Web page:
Tuesday, July 5, 2011

Chicken Stock

Needless to say, there are many things that some women who are expecting do not want to talk about or think about early on.  For me, one of those things really anything having to do with a whole chicken.  Then I realized that cooking that left savory smells in my house for too long was a recipe for a gag fest.  As you can see, cooking of much really did a number on my sense of smell (which is on bloodhound level) and ultimately my stomach.  However, I am glad to say that I think we are on the up and up in that area.  But there are some things that I am not really ready to return to making and unfortunately one of those things is chicken stock.

I have learned to love making my own chicken stock.  I made my first batch about a year or so ago and I think I used too much water.  It still turned out well but not as rich as I have heard from others.  Then I   ccsw1ry with leaves, etc.  However, a friend recommended to me about putting in almost withered veggies in there, too.  Like spinach or anything else that I can find in my produce bin.  However, if I know that it's going to be awhile before I make stock I will throw my veggie extras in a ziploc bag and freeze them until I am ready.  Easy-peasy.

So, I throw my chicken/turkey carcass in the crock pot, cover with veggies, add some garlic and pepper to season, a bay leaf, and enough water to cover the carcass (about 6 to 8 cups depending on the size of your crock pot.)  I turn my pot on low and set the timer for 12 hours.  Generally, I just let it go over night and we are good to go in the morning.

While Squawkfox recommends putting the stock in the fridge after straining to let the fat coagulate, my mother-in-law has a handy little tool called a fat separator.  I don't know HOW it works but I do KNOW that it gets the job done.  If you don't want to wait the eight hours for the fat to separate this will make quick work of the task for you.

For storage, I pour my chicken stock into ice cube trays and once they are frozen I pop them out and put them in a ziploc storage bag.  The cubes equal about 1 oz of liquid.  Maybe a little less.  So, when I need them I put some in a microwaveable measuring cup and melt them.  You can use a pot and stove just as easy, too.  Whatever your preference.

If for some reason you will not be able to pop your cubes out for awhile wrap them up in plastic wrap to keep them from "drying" out.  Trust me, it can and will happen.  ha!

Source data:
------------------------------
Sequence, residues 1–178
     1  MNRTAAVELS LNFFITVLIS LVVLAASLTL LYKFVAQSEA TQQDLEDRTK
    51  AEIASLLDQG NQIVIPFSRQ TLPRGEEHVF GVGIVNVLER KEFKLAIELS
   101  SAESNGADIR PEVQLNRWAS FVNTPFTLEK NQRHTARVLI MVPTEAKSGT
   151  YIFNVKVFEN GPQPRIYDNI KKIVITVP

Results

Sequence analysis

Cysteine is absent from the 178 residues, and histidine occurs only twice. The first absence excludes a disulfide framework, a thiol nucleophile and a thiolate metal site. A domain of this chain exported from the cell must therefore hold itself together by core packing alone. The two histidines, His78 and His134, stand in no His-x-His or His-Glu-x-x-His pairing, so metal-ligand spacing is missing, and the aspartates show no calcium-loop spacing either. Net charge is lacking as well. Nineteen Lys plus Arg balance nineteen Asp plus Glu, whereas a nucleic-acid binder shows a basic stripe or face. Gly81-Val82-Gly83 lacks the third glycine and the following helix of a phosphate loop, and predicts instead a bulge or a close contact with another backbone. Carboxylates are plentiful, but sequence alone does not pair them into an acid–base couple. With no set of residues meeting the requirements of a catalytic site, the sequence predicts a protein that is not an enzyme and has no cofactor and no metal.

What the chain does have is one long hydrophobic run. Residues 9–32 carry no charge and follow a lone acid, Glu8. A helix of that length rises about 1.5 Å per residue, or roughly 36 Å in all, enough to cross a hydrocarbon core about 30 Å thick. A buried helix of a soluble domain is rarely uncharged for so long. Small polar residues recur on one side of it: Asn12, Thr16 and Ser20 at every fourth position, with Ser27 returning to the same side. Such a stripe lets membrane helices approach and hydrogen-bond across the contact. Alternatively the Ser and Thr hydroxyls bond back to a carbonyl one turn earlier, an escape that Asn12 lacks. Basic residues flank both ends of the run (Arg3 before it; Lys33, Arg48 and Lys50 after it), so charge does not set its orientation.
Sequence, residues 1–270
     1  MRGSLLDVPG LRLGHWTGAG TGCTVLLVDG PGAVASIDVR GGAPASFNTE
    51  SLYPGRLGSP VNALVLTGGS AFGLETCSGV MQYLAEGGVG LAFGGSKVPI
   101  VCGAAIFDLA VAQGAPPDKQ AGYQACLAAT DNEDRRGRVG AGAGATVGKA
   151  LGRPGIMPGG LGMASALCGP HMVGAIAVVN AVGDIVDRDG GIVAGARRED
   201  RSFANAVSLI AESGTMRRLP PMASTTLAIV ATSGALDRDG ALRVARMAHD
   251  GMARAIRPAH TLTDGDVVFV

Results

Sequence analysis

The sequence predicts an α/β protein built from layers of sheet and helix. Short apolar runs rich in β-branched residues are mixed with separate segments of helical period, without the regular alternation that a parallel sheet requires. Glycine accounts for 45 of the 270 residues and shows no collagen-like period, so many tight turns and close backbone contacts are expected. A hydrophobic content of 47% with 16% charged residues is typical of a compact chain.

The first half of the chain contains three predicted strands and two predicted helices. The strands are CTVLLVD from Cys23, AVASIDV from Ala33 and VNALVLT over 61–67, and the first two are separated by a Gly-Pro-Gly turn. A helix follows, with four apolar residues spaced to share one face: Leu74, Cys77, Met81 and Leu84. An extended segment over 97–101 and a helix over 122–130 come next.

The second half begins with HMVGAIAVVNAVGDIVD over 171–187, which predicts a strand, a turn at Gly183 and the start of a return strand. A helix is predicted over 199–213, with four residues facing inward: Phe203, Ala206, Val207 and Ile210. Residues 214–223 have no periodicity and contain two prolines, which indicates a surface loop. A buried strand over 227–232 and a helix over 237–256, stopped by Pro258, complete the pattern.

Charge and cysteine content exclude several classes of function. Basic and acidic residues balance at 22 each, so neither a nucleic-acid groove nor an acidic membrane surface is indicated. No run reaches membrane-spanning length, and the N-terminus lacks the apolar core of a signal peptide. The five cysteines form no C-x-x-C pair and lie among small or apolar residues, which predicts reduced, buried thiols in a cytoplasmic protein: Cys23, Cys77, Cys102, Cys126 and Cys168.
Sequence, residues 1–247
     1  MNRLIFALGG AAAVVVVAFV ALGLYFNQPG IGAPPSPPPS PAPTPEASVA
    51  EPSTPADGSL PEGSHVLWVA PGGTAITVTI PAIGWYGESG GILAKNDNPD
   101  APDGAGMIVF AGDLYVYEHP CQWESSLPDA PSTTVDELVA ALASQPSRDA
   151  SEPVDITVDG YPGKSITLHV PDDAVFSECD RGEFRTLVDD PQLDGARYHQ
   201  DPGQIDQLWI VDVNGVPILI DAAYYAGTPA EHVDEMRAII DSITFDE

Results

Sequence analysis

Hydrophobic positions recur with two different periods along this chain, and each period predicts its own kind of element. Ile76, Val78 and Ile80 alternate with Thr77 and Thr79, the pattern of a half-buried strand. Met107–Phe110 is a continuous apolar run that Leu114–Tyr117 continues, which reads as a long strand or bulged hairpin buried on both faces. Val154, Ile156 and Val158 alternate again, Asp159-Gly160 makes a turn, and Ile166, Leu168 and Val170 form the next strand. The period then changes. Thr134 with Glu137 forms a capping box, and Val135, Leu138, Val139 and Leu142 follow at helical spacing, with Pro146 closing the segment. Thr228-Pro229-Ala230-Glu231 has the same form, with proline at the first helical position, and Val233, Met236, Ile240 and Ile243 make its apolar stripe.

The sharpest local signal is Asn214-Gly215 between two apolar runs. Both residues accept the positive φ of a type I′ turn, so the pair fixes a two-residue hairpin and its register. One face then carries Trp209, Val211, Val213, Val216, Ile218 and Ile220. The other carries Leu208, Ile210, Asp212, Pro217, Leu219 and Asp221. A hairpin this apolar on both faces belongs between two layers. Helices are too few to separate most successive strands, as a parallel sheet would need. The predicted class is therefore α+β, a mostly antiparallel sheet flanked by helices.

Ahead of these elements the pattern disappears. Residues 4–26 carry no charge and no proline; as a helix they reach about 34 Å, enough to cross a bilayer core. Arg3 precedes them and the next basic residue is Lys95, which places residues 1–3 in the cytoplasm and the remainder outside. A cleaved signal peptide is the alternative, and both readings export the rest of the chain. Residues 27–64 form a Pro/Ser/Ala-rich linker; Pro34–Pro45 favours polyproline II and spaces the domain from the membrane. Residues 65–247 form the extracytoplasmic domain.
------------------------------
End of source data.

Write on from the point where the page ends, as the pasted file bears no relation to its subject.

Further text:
There are other storage options but this is my preferred method so I can generally just grab what I need for easy use.

Sometimes I don't even want to think about making stock after making a meal and dealing with cleaning a chicken.  I just throw the carcass in a ziploc or other freezer safe container and freeze it until I am ready to make stock.  It just takes the pressure off to prepare the meal and then get everything together for stock.

Hopefully, I will be up for making stock again soon.  But I may stick my pot outside so as to avoid the smell in my house.  It's a good smell in general.  It's just not a good smell to my pregnant frame at this time.  Such is life.

The crock pot method made a LOVELY stock rich in color and flavor.  I no longer find myself in a quandry needing stock at the last minute and I can flavor up just about anything by using it instead of water -- stuffing, rice, bulgar, quinoa, etc.  I look forward to making some soups this winter with it, too!  YUM!!  I also get a lot more bang for my buck.  My chicken is usually about $5 -- we will get a couple of meals out of it plus more stock than I could ever buy for $5.  Gotta LOVE the savings!!  (And you have to love the reduced salt, fat, and no MSG!)

Thoughts or tips on making stock???


  1. Note to self: make lots of stock before the next pregnancy. The only problem is that I always use so much of it, I don't exactly build up a buffer.

  2. I've been wanting to try to make my own stock. Thanks for the tips!